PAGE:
2) Teach Madelaine (and eventually Charlotte) about the Bible.

3) Limit the girls' TV time to 1 hr/day (plus evenings)/ plan a few activities each week, as needed.

4) Walk about 3 hours a week (treadmill or outdoors).

5) Read 25 books (make a list on Goodreads?)

6) Get some photos of my kids printed! and organized in albums.

7) Write in this blog at least once a week (that sounds more doable than every day, right?)

8) Go on a date with my husband at least twice a month.

9) Get a better system for storing recipes, planning meals, and sticking to a grocery budget.

10) Hmmm... need some kind of financial goal here. Would love to say "finish paying off student loan" but that's a WAY long shot (unless Nate ends up with a really high paying job for the second half of 2010.) How about, pay at least $300 on student loan each month, Jan- June? That's $1800, not bad. [This might get revised after I talk to Nate.]

There you have it! There's my list! I am super jazzed about this. And in closing, I will note that these 10 things are suggested because they are, very specifically, things that I am NOT doing now that I constantly am thinking that I WISH I were doing. There are a lot of other things going on in my life now that are not goals because I'm already doing them- church involvement, a ministry opportunity, [some] keeping in touch with faraway friends and family, math tutoring, some basic homemaking activities (cleaning, groceries, cooking, paying bills, laundry), and some activities with the girls (library, song time, playground, occasional playdates). I'm listing those things as a reminder to myself that even though I feel like I waste a lot of time, there ARE things that I accomplish each day, even if they tend to fall into the category of "urgent- not important." It's that "important- not urgent" category I've got to work on (don't we all?) which is what the above list is all about.

So what are YOUR goals for 2010?

Love you all!

*The correct [popularly, not grammatically, that is] term for this is "wannabe"? At least in 1993, it was.

Tuesday, December 29, 2009

The house is quiet now...

and so I will open up this window and give it a shot.

Oh, gentle readers. I cannot even begin to tell you how much I miss writing in here. I've kind of been obsessed with it recently, to tell you the truth. But I am so tired all the time, and the babies always need me, and the prattle of their little voices overwhelms my internal processor. Virginia Woolf said something about needing a room of one's own, didn't she? (Have I talked about that on here before?) Life, as a whole, overwhelms me. But we've known that for awhile now. Let me try to focus now; in general, because I can't write Everything, I end up writing Nothing. But tonight, for you (which really means, for me) I will write Something.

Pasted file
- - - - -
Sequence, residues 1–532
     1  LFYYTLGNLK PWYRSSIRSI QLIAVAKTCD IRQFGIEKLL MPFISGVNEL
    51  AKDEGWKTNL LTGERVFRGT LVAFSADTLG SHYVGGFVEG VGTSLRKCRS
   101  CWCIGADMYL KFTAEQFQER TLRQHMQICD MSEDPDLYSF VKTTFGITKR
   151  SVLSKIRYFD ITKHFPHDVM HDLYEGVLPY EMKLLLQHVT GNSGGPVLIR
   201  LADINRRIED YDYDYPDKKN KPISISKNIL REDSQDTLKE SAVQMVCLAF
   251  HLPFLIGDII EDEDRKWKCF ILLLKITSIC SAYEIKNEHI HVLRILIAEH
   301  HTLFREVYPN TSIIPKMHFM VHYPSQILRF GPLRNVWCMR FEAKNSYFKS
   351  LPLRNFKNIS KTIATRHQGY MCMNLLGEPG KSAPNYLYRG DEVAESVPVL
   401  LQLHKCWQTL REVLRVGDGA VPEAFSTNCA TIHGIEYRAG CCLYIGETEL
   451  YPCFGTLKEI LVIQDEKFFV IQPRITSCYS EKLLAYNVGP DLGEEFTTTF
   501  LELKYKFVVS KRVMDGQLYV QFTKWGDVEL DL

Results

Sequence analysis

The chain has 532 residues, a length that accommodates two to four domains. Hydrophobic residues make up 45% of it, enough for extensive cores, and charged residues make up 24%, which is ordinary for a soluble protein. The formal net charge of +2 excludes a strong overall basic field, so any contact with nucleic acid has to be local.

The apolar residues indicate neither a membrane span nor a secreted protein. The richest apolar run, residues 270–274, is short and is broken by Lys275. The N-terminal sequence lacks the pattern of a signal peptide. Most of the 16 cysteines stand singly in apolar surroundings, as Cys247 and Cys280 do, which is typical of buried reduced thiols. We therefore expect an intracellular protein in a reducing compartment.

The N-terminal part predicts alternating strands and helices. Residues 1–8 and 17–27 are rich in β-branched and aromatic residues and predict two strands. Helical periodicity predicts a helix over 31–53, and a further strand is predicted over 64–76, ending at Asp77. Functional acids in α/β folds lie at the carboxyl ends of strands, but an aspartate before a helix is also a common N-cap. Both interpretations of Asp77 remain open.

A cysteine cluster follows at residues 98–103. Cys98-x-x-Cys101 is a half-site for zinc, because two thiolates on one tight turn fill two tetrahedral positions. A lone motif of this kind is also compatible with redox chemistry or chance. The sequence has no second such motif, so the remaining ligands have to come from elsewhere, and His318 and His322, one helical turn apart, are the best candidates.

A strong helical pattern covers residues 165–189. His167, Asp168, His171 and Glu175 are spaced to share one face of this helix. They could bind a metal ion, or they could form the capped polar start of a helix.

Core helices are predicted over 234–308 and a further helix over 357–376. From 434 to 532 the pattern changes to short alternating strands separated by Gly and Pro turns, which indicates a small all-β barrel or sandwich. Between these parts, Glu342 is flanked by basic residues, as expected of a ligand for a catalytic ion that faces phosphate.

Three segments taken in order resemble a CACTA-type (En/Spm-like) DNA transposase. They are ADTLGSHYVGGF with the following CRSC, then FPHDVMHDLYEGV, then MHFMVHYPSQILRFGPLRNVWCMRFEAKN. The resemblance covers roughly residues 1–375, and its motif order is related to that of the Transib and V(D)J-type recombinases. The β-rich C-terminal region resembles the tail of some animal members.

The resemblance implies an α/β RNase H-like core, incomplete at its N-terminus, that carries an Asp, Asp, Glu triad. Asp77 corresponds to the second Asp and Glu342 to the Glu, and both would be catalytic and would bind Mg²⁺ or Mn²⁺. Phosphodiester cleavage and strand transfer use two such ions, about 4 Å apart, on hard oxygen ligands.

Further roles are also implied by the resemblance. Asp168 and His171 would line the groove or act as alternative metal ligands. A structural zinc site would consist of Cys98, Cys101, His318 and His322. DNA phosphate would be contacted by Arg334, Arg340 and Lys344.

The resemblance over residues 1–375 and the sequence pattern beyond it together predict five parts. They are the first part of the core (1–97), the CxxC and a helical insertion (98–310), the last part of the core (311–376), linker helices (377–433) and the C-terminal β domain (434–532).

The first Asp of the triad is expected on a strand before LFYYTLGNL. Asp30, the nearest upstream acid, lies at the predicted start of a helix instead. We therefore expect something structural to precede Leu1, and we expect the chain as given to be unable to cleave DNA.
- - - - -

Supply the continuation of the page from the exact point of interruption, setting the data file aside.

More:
Let's talk about some goals for 2010, shall we?

*It's time to start doing some Bible stories with Madelaine on a more regular basis. I have flannelgraph. I have curriculum. The reason I didn't start the curriculum a few months ago, when I found it, is that it does take some prep time (and just some time to sort through all the features and activities to pick out what components I actually want to do with her). But I want to start.

*I would love to be able to limit her TV time to an hour a day most days (ie, an hour of kids' programs during the day), plus whatever Nate wants to watch at night. To do this, I think I need to plan a few activities each week that we can do together- simple crafts, etc. Certainly we can spend a lot of time just playing with her toys, but she does get bored once in a while, and that's when we're both tempted to take the easy way out (TV).

*I have a little treadmill now!!!!! Got it on Craigslist for $65. And just like everyone in America, I want to start using it...

*Catch up on getting some photos printed to go in albums

*Get my recipes organized... preferably online. Plan a menu a month at a time... figure out ways to save on groceries (buying in bulk? coupons? making more stuff from scratch? monthly trip to Aldi? online sources...? hmmm...)

*Get a reading light so I can read while I nurse Maddy to sleep at night. Make a list of 25 books I want to read in 2010. (Suggestions?)

*I wish I could write in this blog every day. For now that's a wish, not a goal.

And now I must get ready for bed...

Love to the world,

Tuesday, September 29, 2009

Close to midnight

Oh Internets,

My children don't sleep much enough. Nate and I are both really tired.

I have an apple for snack!

This Saturday my parents are coming, and I am super excited! Then we're going to the Lehigh Valley area so Nate can go to a conference Monday/ Tuesday, and we can all visit people. Yay!

Mopping the kitchen floor was supposed to happen today. But it's midnight. I think it's time for bed, yeah?

There is so little time in every day for doing anything other than taking care of my house and kids. At least it seems that way. I miss writing in this blog. But this is only a season of life. And a good season, at that.